#1
Apr3009, 07:54 AM

P: 1

Hello,
I am trying to (numerically) solve the following reactiondiffusion equation for the probability density of the a pair, [tex]\rho (\vec{r}_1,\vec{r}_2)[/tex]: [tex]\dot{\rho} (\vec{r}_1,\vec{r}_2,t) = D_1 \nabla^2_1 \rho (\vec{r}_1,\vec{r}_2,t) + D_2 \nabla^2_2 \rho (\vec{r}_1,\vec{r}_2,t)  k \left( \left\ \vec{r}_1  \vec{r}_2 \right\ \right) [/tex], where the subscripts refer to the first and second particle, respectively. In 2D and polar coordinates, [tex]r_i[/tex] and [tex]\theta_i [/tex]: [tex] \nabla^2_i = \frac{1}{r_i} \frac{\partial}{\partial r_i} r_i \frac{\partial}{\partial r_i} + \frac{1}{r_i^2} \frac{\partial}{\partial \theta_i} [/tex]. The domain is confined by two concentric spheres: [tex] 0 \leq \left\ \vec{r}_1 \right\ \leq R [/tex] and [tex] \left\ \vec{r}_2 \right\ \geq R [/tex]. The initial condition are spherically symmetric, i.e. only depends on the [tex]r_i[/tex]s. The reaction term is a function of the distance of the two particles, i.e. in 2D [tex] k( \left\ \vec{r}_1  \vec{r}_2 \right\ ) = k( \sqrt{r_1^2 + r_2^2  2 r_1 r_2 \cos ( \theta_1\theta_2)} ) [/tex]. I hoped to get rid of at least 1 coordinate by a variable transformation and separation of variables. However, so far I just could not come up with a separable problem. Do I really have to retain all 4 variables? Any suggestions of how to reduce this problem to something manageable are highly welcome. Eventually I will be interested in 3D and 4D as well. Thank you, Daniel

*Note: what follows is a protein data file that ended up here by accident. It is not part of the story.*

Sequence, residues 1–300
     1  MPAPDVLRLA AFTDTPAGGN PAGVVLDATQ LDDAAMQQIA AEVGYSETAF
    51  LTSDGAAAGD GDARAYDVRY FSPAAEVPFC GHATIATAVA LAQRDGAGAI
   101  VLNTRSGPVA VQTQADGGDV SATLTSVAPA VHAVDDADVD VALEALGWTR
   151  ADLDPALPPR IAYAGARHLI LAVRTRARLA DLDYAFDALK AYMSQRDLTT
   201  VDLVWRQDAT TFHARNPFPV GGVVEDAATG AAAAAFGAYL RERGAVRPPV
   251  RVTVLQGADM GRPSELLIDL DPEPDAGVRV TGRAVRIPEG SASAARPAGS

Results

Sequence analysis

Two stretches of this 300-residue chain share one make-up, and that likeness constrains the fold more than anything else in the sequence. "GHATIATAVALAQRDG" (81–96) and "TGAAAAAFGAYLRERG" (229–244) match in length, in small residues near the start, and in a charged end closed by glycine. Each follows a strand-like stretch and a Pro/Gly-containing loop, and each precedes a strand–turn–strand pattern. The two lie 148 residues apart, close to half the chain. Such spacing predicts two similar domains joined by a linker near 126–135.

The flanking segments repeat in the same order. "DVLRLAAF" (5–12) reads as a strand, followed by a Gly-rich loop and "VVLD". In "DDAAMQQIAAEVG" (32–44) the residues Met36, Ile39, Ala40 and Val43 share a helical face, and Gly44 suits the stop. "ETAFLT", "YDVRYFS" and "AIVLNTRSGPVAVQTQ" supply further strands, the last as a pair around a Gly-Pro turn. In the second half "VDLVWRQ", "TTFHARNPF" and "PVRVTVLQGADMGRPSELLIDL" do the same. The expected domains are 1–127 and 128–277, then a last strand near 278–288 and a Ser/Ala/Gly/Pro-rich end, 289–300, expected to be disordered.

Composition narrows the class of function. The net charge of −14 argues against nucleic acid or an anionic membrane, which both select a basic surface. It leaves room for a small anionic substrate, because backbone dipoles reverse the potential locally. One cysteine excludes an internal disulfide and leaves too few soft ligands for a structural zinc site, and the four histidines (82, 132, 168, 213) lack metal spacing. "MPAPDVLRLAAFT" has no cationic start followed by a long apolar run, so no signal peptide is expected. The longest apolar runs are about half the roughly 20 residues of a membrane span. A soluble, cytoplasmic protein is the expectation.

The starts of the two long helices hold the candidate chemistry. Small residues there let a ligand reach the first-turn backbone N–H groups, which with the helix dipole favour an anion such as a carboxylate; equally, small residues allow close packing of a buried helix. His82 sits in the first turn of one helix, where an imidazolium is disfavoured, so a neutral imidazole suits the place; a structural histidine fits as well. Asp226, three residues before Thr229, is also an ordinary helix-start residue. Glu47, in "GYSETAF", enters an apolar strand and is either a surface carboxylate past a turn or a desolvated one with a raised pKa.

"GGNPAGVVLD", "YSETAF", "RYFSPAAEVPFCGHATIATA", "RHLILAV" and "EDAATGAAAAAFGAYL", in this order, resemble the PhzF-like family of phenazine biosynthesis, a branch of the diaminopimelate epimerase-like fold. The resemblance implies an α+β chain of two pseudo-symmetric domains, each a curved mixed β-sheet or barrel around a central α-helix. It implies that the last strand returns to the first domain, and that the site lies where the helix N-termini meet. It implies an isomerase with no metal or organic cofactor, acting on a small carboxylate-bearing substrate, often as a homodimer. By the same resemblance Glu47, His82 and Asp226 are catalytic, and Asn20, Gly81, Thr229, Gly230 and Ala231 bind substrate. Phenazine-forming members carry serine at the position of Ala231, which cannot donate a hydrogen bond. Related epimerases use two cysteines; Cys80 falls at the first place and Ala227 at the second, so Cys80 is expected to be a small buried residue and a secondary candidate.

#2
May1409, 10:24 AM

P: 330

Just throwing idea.
If the forces between particles 1 and 2 are conservative, try working in the centre of mass frame. In mechanics we use this frame to solve the central force motion and scattering problem. 


Register to reply 
Related Discussions  
Potential between 2 concentric spheres  Advanced Physics Homework  4  
Gauss's Law/Energy Problem with Concentric Spheres  Introductory Physics Homework  8  
Capacitance of a system of 3 concentric spheres  Introductory Physics Homework  0  
Electric Potentials: concentric spheres  Introductory Physics Homework  3  
two concentric spheres  Introductory Physics Homework  8